Protecting cattle against fluke at housing rather than delaying treatment will yield a financial return by reducing stress and improving growth rates, according to a recent study.

The trial, by FAI Farms in Oxfordshire, compared the effectiveness of parasite treatments in 36 first season grazing animals. The treatments were; a fluke and worm pour-on (Cydectin® TriclaMox® ) given at housing; a worm pour-on (Cydectin® ) given after housing; and no treatment.

Results showed that the stress of housing and weaning led to an 89% drop in growth rates across all groups. Cattle handled post housing also have the potential for a second growth rate dip of 20% as a result of being handled twice.

In contrast, those treated four to eight weeks post housing with a combined work and fluke treatment (Cydectin TriclaMox) gained an average of 16.1kg, while those treated after housing with the worm pour on (Cydectin) gained 13.4kg. Cattle offered no worm or fluke treatment at housing gained 8.6kg.

“It is advisable for farmers to treat cattle at housing. From an animal management point of view, it reduces the need for further handling of animals later on and is easy to do once you are already handling them,” said Georgia Cox of FAI Farms.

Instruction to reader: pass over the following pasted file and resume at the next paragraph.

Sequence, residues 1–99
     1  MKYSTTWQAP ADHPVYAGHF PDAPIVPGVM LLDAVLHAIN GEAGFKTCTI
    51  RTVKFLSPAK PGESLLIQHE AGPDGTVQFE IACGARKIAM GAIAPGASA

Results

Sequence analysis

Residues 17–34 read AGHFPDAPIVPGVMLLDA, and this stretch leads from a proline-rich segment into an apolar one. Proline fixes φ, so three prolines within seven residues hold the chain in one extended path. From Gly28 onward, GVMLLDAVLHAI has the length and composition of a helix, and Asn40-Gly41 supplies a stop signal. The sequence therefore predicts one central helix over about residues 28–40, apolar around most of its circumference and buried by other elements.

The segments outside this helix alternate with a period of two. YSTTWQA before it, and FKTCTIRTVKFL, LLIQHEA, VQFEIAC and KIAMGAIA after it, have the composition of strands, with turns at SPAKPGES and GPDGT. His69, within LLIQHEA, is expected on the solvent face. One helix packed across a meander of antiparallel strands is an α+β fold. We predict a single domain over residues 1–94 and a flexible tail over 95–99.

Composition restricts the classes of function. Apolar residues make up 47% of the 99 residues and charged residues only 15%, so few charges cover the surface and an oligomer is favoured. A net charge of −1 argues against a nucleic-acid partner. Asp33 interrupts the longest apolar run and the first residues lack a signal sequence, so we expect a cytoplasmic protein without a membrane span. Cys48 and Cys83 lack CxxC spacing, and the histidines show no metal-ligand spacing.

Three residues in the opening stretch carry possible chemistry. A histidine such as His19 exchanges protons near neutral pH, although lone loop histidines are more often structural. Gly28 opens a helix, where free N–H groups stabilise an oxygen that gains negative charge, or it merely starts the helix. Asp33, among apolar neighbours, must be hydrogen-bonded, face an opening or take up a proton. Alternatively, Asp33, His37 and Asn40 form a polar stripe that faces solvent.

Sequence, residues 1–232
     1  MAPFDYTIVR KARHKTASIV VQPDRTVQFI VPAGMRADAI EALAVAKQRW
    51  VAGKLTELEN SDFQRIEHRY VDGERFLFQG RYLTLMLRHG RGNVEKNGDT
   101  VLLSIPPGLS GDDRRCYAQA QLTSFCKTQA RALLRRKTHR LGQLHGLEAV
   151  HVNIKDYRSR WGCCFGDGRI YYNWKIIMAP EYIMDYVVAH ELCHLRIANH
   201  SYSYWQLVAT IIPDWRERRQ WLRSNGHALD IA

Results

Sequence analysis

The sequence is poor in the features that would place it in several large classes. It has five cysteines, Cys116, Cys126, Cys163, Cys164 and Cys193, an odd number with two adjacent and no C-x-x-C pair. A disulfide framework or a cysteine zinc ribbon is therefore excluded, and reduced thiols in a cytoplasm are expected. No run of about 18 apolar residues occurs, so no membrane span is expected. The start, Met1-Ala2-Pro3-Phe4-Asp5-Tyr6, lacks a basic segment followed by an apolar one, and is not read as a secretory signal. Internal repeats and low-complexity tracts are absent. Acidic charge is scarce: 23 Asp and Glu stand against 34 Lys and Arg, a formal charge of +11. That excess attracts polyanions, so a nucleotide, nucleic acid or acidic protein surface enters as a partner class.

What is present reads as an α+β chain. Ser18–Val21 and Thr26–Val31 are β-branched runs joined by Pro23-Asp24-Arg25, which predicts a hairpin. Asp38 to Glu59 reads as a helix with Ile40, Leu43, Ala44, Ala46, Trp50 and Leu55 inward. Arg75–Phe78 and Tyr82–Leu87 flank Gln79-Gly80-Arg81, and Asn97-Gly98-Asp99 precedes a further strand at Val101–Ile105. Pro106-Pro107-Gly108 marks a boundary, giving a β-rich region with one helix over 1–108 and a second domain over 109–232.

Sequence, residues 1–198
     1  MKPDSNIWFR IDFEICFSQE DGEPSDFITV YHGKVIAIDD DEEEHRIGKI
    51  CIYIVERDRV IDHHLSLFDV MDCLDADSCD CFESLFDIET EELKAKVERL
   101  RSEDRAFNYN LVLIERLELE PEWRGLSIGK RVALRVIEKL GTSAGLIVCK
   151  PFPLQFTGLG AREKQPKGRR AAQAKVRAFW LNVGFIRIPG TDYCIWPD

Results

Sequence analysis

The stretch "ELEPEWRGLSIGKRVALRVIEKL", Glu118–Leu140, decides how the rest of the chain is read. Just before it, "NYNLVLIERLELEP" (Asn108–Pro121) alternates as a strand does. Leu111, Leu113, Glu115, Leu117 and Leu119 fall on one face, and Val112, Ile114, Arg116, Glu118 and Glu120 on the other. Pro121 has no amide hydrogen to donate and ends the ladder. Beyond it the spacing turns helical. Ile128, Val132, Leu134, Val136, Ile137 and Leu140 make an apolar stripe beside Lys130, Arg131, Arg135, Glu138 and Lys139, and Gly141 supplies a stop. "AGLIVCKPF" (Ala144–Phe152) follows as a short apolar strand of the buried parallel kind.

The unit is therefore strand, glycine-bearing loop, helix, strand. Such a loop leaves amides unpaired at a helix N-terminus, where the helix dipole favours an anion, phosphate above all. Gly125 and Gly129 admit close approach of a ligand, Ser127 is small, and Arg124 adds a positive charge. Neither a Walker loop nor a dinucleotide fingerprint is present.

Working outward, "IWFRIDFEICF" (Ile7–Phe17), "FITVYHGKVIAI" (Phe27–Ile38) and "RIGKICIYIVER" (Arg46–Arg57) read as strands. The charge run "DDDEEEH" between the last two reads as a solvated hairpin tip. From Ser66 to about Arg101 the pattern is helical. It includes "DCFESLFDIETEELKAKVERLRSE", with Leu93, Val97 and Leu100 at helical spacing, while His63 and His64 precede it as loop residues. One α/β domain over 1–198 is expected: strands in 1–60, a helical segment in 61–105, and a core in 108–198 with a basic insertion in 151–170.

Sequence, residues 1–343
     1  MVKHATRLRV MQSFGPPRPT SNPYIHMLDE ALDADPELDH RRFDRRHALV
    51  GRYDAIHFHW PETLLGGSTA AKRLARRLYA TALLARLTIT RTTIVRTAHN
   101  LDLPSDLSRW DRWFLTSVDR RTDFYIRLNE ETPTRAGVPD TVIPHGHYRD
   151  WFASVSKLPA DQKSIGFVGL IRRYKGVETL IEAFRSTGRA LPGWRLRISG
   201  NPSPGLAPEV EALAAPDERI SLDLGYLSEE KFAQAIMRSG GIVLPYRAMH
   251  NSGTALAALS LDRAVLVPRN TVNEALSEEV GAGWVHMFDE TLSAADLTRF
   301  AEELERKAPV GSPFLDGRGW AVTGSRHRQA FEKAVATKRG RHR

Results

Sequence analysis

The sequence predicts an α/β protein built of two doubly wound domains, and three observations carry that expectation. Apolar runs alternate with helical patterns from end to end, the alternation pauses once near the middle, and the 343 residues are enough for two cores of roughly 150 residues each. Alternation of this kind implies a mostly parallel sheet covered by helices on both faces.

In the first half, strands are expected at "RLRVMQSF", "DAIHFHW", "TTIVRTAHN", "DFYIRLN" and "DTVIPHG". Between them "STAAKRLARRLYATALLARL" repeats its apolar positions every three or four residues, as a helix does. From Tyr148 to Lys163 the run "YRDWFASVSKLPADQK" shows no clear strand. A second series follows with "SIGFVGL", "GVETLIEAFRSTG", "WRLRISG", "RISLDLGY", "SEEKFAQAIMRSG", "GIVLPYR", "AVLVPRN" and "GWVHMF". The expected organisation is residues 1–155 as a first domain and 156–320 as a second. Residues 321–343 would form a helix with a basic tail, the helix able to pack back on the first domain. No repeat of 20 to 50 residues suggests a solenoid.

From a productivity perspective, animals that were treated at housing with a combination worm and fluke product weighed almost 3kgs more at 4-8 weeks after housing compared to those treated after housing using a single-active wormer. This extra growth equates to £16.52 a head compared to £10.63 in cattle treated after housing.

In addition, cattle challenged by fluke, but not receiving treatment until 4-8 weeks post-housing will lose production because of subclinical disease.

Although the copro-antigen tests didn’t show a fluke burden at the start of the trial, the results suggest there may have been an underlying fluke issue. This contributed to the increase in growth rates in those treated with a combined product at housing.

Zoetis vet Dr Dave Armstrong explained: “Because of the volume of faeces in cattle there is a dilution effect meaning the test is not as sensitive in cattle as it is in sheep. By using a combination fluke and worm product, the cattle saw a complete reduction in the worms and the extra growth rate during the 4-8 weeks after housing indicates there was some fluke burden.”

Treating at housing using a combined worm and fluke product cleans out parasites including fluke thereby supporting a healthier transition period, said Dr. Armstrong.

“A cow’s liver is bigger, meaning they can tolerate a greater fluke burden, you won’t see sudden deaths like you would in sheep. However, you will see subclinical disease, which can be costly” he said.

Fluke infected cattle can take 80 days longer to reach slaughter weight costing between £25-35 a head, according to the Agriculture and Horticulture Development Board (AHDB) figures.